Therefore, the CHMP considered it necessary to assess whether the evidence gathered over time on the risk of severe liver problems had altered the benefit-risk balance of orlistat-containing medicines. Consequently, the European Commission asked the CHMP to issue an opinion on orlistat and on whether the marketing authorisation for orlistat-containing medicines should be maintained, varied, suspended or withdrawn across the EU.
- Which data has the CHMP reviewed?
The CHMP reviewed the available data on the risk of liver injury and other side effects with orlistat, including post-marketing surveillance, data from the studies supporting the marketing authorisations and population-based studies in the published literature. The Committee also reviewed information requested from the companies that market orlistat-containing medicines, including the estimated number of people using these medicines and an analysis of the observed number of reports of severe liver problems compared with the expected background rate of liver problems in these people.
- What are the conclusions of the CHMP?
The CHMP considered that there was no strong evidence that orlistat increased the risk of severe liver injury, and there was no known mechanism by which orlistat was expected to cause liver disorders. The Committee concluded that the number of reported severe liver reactions in orlistat users was low and below the background rate expected in these people, given the large number of users. A pattern was not seen in the type of liver problems reported, and in most cases there were other factors which were likely to increase the risk of liver injury such as existing health problems or the use of other medicines. The CHMP also noted that published population-based studies suggest that obesity may be associated with a higher risk of liver disease. The Committee considered that while there may be very rare cases of serious liver injury for which orlistat cannot be excluded as a possible cause, the cases do not provide good evidence of a causal link.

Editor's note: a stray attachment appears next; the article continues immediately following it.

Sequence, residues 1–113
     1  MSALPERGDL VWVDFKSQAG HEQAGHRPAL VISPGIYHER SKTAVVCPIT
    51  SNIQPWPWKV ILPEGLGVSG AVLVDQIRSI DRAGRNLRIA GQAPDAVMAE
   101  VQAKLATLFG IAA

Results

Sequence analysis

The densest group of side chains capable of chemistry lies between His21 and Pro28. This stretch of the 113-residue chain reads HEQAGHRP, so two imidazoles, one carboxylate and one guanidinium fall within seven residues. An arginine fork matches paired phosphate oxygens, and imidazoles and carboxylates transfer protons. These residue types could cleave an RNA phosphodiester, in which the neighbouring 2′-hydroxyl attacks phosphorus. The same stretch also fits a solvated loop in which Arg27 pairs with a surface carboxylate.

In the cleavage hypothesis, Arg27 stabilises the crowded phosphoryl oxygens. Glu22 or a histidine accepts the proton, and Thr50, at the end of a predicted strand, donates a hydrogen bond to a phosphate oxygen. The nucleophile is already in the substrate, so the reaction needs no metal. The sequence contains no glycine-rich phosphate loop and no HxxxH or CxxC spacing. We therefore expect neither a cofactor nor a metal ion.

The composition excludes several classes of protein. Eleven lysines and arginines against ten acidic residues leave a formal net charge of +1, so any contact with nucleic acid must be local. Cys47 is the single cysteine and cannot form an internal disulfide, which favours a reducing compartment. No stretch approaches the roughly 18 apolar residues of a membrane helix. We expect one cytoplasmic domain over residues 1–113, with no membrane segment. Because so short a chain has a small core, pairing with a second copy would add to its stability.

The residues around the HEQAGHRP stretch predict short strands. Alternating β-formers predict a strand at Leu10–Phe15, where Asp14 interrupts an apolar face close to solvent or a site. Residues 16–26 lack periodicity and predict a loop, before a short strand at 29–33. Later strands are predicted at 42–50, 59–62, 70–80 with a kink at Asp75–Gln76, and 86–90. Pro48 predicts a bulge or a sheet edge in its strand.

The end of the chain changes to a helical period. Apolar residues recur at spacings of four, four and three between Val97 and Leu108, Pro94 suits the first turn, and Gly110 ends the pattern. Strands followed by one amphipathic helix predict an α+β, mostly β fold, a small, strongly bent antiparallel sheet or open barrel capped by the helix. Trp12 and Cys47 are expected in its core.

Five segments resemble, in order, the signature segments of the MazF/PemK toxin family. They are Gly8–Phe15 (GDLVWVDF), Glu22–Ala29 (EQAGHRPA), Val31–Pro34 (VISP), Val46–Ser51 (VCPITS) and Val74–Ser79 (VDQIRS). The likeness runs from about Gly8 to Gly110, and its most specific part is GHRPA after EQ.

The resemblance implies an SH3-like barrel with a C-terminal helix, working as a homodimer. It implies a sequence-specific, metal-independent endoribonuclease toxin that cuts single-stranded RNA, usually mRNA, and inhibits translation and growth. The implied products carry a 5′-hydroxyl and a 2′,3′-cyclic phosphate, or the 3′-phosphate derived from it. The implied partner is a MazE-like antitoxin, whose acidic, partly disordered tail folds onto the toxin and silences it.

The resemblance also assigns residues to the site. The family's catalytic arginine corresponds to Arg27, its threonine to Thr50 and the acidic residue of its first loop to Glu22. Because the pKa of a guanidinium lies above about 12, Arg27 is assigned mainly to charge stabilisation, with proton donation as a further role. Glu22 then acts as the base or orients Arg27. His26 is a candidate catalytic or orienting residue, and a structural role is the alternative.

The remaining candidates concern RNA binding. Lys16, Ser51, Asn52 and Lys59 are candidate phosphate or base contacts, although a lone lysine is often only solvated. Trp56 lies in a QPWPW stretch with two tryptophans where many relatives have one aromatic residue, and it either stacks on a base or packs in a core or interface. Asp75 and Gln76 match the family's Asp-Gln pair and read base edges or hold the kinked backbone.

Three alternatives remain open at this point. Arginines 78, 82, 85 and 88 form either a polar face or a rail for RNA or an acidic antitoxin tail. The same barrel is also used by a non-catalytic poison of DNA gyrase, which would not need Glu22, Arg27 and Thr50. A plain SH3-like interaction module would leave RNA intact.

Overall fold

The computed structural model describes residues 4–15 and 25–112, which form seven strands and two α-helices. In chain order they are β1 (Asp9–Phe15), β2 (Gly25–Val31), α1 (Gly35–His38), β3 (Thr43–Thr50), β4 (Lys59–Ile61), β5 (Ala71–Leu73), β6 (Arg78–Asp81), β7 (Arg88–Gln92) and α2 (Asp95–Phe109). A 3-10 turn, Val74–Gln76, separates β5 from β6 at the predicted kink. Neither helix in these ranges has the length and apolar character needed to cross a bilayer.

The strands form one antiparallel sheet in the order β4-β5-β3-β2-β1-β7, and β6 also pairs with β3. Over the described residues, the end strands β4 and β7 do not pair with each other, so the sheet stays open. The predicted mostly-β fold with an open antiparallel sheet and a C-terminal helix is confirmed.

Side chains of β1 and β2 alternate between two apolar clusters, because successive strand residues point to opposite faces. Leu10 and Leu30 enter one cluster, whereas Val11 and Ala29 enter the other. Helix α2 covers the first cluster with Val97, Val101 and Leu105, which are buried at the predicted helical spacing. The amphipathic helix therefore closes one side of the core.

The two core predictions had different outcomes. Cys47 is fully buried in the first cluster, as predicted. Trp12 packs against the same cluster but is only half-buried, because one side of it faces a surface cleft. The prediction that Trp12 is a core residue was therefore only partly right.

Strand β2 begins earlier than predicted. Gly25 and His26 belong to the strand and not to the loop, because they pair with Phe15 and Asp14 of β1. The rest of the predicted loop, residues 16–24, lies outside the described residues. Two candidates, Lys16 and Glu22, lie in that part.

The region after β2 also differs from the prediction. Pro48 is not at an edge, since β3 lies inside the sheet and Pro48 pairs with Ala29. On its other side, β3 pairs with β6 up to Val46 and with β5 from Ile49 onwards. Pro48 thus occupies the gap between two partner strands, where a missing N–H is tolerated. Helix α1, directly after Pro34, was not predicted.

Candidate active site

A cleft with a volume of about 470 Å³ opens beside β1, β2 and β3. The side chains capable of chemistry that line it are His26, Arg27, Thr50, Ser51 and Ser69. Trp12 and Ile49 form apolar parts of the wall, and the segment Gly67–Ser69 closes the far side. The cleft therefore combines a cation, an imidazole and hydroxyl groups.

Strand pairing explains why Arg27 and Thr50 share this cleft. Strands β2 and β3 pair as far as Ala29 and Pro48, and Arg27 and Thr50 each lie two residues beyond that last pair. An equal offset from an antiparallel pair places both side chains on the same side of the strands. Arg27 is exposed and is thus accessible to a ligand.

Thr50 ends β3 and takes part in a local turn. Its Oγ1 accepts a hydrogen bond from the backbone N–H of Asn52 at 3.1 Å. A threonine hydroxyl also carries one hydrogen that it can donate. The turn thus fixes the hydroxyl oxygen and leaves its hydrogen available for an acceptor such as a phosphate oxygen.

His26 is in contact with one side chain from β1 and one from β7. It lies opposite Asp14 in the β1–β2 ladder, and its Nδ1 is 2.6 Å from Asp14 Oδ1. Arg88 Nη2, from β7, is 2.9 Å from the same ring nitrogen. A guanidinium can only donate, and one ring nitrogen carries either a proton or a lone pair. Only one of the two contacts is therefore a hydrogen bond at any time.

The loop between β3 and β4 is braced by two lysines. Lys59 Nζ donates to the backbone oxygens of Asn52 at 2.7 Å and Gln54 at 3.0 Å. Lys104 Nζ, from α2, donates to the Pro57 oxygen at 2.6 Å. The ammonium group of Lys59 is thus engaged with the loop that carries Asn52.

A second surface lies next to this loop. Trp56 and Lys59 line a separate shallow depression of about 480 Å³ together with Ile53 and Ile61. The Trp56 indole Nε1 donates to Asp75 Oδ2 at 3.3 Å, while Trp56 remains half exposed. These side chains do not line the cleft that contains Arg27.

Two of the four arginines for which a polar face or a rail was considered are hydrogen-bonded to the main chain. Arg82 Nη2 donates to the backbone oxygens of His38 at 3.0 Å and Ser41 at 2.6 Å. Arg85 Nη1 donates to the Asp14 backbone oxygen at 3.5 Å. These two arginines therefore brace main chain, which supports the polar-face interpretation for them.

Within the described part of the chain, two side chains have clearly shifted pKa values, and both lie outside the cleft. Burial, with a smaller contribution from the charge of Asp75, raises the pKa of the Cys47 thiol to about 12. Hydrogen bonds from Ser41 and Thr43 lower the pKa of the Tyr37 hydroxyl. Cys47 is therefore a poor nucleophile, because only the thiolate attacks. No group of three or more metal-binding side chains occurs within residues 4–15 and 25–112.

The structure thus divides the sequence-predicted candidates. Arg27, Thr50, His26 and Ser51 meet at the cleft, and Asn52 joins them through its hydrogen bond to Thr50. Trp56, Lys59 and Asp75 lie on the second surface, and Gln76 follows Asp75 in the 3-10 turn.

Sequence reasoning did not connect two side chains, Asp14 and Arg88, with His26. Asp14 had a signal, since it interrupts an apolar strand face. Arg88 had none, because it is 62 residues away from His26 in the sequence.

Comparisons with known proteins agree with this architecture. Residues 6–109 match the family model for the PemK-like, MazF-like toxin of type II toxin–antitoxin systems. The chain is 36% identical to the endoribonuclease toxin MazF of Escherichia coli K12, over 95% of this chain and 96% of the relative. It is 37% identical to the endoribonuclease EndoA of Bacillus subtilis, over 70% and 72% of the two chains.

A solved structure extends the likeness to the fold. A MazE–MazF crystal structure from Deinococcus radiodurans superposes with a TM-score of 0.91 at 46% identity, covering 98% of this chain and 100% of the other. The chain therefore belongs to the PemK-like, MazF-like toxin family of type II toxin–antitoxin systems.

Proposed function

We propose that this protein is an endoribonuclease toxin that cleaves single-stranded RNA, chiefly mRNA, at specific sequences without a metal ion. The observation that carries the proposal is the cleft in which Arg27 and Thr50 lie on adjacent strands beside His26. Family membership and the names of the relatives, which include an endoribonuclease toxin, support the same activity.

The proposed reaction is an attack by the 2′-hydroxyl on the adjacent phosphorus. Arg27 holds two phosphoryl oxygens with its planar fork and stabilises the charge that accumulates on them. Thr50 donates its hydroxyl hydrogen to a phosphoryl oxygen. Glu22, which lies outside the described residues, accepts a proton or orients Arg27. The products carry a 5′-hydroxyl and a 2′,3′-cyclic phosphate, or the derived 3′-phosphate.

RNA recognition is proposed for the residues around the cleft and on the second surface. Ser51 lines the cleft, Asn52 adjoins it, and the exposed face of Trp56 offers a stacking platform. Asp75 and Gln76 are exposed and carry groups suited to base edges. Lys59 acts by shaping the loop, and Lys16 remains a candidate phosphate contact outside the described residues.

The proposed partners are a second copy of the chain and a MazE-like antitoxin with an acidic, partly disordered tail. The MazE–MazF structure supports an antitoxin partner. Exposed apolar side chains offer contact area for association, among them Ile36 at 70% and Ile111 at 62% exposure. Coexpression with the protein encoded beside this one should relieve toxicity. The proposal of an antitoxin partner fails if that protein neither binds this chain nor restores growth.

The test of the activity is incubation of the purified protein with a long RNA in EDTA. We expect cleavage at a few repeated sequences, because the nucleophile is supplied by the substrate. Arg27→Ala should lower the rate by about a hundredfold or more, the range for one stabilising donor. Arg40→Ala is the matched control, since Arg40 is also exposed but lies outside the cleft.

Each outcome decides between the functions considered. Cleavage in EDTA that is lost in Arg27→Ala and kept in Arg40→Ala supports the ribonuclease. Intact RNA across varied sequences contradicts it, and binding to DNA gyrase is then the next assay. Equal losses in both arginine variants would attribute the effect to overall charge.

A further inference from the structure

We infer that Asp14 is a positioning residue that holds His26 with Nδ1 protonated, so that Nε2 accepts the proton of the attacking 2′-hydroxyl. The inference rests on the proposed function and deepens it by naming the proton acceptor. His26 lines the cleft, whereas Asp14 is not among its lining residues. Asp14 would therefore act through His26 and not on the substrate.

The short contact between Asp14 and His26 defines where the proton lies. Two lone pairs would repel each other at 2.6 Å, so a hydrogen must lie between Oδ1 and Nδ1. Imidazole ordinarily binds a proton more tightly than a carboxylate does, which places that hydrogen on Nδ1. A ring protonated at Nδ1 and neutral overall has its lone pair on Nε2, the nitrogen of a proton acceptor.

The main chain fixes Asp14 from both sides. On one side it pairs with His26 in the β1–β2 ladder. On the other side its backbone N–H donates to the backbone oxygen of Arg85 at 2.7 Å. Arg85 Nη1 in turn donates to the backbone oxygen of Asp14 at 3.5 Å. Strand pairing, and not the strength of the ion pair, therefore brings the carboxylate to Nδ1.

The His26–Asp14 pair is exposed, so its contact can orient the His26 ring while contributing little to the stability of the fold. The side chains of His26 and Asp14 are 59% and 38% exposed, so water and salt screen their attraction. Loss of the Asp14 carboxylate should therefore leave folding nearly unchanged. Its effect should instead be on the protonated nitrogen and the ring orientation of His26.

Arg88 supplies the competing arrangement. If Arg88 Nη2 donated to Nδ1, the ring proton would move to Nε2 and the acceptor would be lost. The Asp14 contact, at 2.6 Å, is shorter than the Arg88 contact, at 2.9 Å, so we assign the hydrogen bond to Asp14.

Based on the evaluation of the currently available data and the scientific discussion within the Committee, the CHMP concluded that the benefits of orlistat continue to outweigh its risks, and therefore recommended that the marketing authorisations be maintained for orlistat-containing medicines. It noted that the product information for Xenical already listed ‘hepatitis that may be serious’ as a side effect of unknown frequency, and recommended that the product information for all orlistat-containing medicines should be harmonised to include this information. The product information for Alli, which currently lists ‘hepatitis’, will be updated accordingly. The Committee also agreed on minor amendments to the package leaflet for all orlistat-containing medicines to ensure they give the same information, including a description of the symptoms of hepatitis to alert patients to these symptoms.